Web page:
Two Minds: Intuition and Analysis in the History of Economic Thought

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Springer Science & Business Media, 2005 - 178 páginas
As everyone knows, intuition is warm and fuzzy, qualitative, not measurable. Economics, on the other hand, is quantitative, and if it is not a hard science, at least it is the "queen of the social sciences." It is, therefore, intuitively obvious, that intuition and economics are as if oil and water. The problem is, what is intuitively obvious is not always correct. And, there are two major reasons why intuition and economics are not like oil and water. First, economics concerns itself with decision making, and decisions are made in the brain. The human brain is the size of a grapefruit, weighing three pounds with approximately 180 billion neurons, each physically independent but interacting with the other neurons. What we call intuition is, like decision making, a natural information processing function of the brain. Second, despite the current emphasis on quantitative analysis and deductive logic there is a rich history of economists speaking about intuition. First, the human brain, specifically the neocortex, has a left and right hemisphere. The specialized analytical style of the left hemisphere and the specialized intuitive style of the right hemispheres complement each other.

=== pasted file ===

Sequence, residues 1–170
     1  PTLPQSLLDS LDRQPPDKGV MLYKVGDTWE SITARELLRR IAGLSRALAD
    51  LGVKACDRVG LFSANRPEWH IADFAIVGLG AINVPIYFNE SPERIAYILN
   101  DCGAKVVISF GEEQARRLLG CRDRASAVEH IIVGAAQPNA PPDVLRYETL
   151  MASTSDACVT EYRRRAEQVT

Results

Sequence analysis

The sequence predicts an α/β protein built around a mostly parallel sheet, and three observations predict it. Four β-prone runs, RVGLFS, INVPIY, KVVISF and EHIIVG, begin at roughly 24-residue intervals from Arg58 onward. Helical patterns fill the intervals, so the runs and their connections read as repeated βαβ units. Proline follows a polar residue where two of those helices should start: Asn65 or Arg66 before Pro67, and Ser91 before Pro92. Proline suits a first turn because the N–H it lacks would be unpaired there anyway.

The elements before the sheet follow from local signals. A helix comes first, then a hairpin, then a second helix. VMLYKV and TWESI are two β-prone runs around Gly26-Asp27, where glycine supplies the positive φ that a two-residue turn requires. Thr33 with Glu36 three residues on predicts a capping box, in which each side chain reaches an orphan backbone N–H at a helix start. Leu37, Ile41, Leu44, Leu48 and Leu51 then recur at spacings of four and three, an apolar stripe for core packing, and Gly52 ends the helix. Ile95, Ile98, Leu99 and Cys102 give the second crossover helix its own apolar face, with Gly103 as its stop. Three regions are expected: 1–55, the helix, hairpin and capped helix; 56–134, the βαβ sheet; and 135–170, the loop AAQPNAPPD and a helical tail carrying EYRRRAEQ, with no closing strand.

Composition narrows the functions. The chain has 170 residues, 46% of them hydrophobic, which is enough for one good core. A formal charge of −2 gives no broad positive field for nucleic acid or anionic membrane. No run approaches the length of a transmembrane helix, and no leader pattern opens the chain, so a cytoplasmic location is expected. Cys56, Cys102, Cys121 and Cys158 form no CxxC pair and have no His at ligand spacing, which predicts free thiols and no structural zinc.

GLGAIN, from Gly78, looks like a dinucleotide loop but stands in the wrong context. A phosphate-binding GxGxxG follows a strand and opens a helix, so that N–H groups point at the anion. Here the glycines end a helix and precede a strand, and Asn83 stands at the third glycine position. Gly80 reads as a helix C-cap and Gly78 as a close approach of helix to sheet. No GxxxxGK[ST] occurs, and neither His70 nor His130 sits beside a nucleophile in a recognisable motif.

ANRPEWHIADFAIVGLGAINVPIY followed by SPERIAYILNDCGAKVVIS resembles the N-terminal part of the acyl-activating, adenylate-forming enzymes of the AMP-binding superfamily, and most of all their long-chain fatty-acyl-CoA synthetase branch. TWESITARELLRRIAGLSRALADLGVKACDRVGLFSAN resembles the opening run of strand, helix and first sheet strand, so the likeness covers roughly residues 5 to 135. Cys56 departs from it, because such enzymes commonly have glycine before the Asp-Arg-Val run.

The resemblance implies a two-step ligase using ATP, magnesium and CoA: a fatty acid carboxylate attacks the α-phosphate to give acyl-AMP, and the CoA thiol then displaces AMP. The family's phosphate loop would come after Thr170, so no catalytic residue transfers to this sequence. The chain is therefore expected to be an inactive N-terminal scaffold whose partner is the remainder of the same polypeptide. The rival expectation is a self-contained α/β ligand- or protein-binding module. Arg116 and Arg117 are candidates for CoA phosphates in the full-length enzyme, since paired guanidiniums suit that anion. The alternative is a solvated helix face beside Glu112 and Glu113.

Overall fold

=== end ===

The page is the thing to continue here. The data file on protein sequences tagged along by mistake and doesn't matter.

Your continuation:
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Contenido

Introduction
1
Adam Smith New Intuitions for a New Age
21
John Stuart Mill An AntiIntuitionist Social Reformer
39
Alfred Marshall Metaphysician and Economist
59
Intuition and Analysis in the Economics of the John Maynard Keynes
77
Frank Knight Intuition Risk and Uncertainty
95
Swimming Against the Stream Herbert Simon Harvey Leibenstein George Shackle Friedrich von Hayek
113
Intuition in Current Economic Literature
135
References
153
Index
173
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